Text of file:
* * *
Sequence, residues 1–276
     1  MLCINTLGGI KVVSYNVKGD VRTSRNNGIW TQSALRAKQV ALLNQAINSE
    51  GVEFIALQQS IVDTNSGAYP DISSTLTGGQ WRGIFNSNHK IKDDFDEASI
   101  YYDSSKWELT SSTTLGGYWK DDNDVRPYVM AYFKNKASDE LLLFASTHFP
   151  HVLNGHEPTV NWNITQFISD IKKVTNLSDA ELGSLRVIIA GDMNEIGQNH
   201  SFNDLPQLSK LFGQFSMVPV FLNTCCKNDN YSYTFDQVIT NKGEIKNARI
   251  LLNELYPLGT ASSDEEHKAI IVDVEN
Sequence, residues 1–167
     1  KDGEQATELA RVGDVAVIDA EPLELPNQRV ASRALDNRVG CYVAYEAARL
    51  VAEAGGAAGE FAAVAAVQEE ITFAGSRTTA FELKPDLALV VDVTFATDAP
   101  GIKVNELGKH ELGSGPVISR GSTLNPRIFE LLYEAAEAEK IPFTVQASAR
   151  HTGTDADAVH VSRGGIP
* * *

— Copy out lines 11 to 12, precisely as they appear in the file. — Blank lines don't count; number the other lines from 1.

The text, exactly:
   101  GIKVNELGKH ELGSGPVISR GSTLNPRIFE LLYEAAEAEK IPFTVQASAR
   151  HTGTDADAVH VSRGGIP